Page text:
In Morrison and Quitely’s version, however, female “transgression” is rewritten as “initiation” so that meaning of events is reversed: Lois is not married to the patriarch but independent and capable; the patriarch’s own power is on the wane and up for grabs (indeed, he sews magical garments, like a postmodern fairy godfather!); the forbidden room is not the location where the heroine will risk losing her life by being beheaded, but on the contrary will be reborn (it is Lois’s birthday) to possess the patriarch’s power. Angela Carter’s The Bloody Chamber hardly does a better job of amplifying the feminist content of the classic Bluebeard fairytale in her own brilliant narrative of female initiation and empowerment!

This is the best series that DC is currently publishing, and Morrison and Quitely will no doubt be remembered as one of the best creative teams on Superman of all time. How’s that for courting controversy?


JSA #82 (DC Comics)
Paul Levitz (Writer) / George Perez (Penciller) / Bob Wiacek (Inker) / Tom Smith(Colorist) / Rob Leigh (Lettererer)

JSA #82 was a real treat. Paul Levitz and George Perez on JSA? Bring on the old guys!

In his generally favorable review of this issue’s return to “traditional” comics storytelling, Paul King of ComicBloc Forums writes:

I want to impress you with something: There are 161 panels in this issue and one splash page. Compare this to Superman/Batman #13 drawn by popular artist Michael Turner which has 73 panels and 4 splash pages. Perez gives us almost three times the story without feeling cluttered. This goes back to my point of being ‘traditional without being antiquated’. Where Perez’s art lacks in dynamics it makes up for in craftsmanship. Each line feels planned with depth and purpose. I long for more modern comics with this level of storytelling on every page.

While I can’t agree that Perez’s art lacks “dynamics” (sacrilege, Paul!), I heartily endorse the sentiment that JSA #82 is an object lesson in the virtues of a high panel-count and “traditional” storytelling more generally. The ten-panel opening page, depicting the city at night as the “camera” gradually zooms in on the JSA’s headquarters, entering through an open panel on the roof and surprising Ma Hunkle on the stairs is a classic and classy way of establishing the story’s setting and tone. The darkness, the storm, and the seemingly violated mansion/sanctuary establish just the sort of “dark-and-stormy-night” atmosphere necessary for the ghost story that is at the heart of the Golden Age story-within-a-story in this issue, featuring Superman, Batman, Wonder Woman, and Flash battling Gentleman Ghost (one of the most visually perfect of DC’s older villains) . The rainy opening also establishes the emotional tone of the frame-story in this issue, in which Power Girl struggles with the terrible dilemma that Superman and Superboy Prime have placed on her shoulders in Infinite Crisis #3: whether or not to help replace the current Earth with the “original” Earth 2. The storm in the opening scene is a symbol of Kara’s own turbulent emotions, just as the rain anticipates the tears of the story’s final frame.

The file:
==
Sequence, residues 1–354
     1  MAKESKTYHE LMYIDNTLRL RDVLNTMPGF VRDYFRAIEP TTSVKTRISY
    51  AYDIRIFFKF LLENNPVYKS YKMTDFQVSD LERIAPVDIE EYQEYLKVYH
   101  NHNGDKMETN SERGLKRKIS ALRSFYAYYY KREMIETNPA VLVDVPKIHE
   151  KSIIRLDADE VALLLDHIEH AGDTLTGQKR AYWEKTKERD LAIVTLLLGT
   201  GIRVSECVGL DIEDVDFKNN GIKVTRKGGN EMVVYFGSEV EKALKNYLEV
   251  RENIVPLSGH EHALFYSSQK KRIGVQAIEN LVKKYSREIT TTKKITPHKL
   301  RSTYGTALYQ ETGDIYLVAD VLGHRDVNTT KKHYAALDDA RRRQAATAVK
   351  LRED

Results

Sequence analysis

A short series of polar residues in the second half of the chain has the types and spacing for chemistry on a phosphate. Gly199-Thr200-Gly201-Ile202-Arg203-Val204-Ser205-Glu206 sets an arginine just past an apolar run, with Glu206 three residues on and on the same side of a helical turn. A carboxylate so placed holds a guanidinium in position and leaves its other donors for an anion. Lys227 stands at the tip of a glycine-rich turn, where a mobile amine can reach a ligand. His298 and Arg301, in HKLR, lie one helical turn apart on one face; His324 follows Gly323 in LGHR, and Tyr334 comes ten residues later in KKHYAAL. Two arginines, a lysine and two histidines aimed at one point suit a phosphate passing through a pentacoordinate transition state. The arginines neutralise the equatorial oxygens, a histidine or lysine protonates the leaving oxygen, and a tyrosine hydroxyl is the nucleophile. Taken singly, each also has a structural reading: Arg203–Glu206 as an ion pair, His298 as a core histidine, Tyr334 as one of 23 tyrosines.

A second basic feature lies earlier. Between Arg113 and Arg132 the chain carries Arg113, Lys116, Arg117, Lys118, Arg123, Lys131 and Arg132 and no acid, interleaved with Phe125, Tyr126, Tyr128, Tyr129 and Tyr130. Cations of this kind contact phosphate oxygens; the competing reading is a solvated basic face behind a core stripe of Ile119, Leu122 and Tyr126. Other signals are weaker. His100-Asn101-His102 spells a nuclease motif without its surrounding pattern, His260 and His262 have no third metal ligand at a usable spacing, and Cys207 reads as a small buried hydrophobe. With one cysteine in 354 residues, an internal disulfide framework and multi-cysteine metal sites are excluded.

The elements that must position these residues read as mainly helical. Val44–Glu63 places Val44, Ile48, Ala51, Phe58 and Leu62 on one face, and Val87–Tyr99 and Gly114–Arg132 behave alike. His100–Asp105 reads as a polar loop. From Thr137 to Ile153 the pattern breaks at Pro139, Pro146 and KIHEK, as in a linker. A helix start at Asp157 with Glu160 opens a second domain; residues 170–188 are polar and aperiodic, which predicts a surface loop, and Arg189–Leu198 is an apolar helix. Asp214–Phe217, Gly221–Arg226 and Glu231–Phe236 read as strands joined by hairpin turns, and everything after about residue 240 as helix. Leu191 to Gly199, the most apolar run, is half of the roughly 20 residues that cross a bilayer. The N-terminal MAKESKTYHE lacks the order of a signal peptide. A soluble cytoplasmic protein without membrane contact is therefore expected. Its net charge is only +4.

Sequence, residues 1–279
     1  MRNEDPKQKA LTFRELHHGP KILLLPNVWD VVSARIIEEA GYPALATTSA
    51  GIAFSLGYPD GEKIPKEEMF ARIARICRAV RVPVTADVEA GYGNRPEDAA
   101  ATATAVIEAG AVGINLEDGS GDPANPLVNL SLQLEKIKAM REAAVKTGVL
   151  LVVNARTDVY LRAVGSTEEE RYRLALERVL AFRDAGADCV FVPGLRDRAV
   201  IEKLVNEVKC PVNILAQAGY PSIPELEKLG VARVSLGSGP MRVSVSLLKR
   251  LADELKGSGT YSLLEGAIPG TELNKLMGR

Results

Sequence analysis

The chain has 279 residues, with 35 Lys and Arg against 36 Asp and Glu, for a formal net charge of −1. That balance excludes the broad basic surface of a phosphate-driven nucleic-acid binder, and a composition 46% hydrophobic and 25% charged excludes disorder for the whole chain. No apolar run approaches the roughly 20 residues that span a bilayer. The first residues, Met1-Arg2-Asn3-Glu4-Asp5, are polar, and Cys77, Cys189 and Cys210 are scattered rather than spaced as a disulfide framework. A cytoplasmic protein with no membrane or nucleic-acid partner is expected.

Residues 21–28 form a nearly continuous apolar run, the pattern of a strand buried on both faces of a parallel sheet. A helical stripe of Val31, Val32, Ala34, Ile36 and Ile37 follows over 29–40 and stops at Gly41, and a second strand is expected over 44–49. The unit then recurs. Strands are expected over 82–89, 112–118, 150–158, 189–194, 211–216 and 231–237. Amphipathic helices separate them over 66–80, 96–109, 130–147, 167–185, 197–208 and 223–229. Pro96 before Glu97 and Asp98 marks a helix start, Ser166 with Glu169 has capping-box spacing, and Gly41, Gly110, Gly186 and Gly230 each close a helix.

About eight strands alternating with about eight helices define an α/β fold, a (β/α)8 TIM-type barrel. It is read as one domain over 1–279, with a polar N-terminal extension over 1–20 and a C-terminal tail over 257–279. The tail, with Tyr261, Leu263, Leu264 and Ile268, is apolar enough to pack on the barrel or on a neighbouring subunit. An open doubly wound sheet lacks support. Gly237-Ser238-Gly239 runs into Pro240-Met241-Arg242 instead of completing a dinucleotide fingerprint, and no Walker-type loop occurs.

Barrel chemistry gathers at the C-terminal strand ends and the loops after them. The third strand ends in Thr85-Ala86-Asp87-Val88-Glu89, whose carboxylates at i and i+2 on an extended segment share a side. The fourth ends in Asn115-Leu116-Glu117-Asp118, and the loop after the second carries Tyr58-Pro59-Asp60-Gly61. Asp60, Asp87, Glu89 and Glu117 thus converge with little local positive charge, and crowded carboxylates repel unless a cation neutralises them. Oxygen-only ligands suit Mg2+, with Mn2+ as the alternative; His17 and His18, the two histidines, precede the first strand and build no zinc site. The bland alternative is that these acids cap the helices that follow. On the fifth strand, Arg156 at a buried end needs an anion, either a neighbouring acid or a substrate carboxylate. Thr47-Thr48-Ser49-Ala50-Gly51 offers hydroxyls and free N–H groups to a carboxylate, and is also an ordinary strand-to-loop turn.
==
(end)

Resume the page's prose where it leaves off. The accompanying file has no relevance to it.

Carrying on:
Both the frame-story and the Golden Age tale are about strong women—Power Girl and Lois Lane—who face difficult decisions. Levitz and Perez make nice contrasts between them, establishing Lois as a tireless truth-seeker and Kara as a someone for whom the very issue of truth (which is the “true” earth? Does the “truth” even matter if it means killing millions of people?) has become a moral muddle, or at least an impossible burden.

In Infinite Crisis, it is the Golden Age Lois (not Superman) who is emerging as the dying and far-seeing “spirit” or moral center of the 1950s DCU, and Power Girl is emerging as a more troubled, untested embodiment of the penetrating moral vision that Lois displays in JSA #82. “You were never too good at knowing the difference between what’s real and what’s not, dear,” Lois thinks, tellingly, about her Golden Age Clark, at the same time that she is writing her “last exclusive” about having dwelt for so long in the false “heaven” Luthor created for himself, Lois, Superman, and Superboy at the end of Crisis on Infinite Earths: “this impossible place” where “everything around us is a phony [as] Mr. Mxyztplk’s tricks…just cotton candy illusions in our minds.”

One suspects, therefore, that Lois’s illness in Infinite Crisis is not due to her new proximity to what the Golden Age Superman calls the “corrupted” Earth 1, but is either simply a natural process of dying with which Lois herself is already making peace in JSA #82 (“We’ve been in this impossible place for so long that when I die, I’ll be ready for heaven or hell….I’m content Clark. Content with my life, and with facing the truth…even now”) or a symbol of the corruptions inherent in her own Superman’s black and white Old Testament morality—i.e. it is ironically his actions, spurred on by Luthor, and not the “corrupted” post-Crisis Earth 1, that are (literally?) killing her.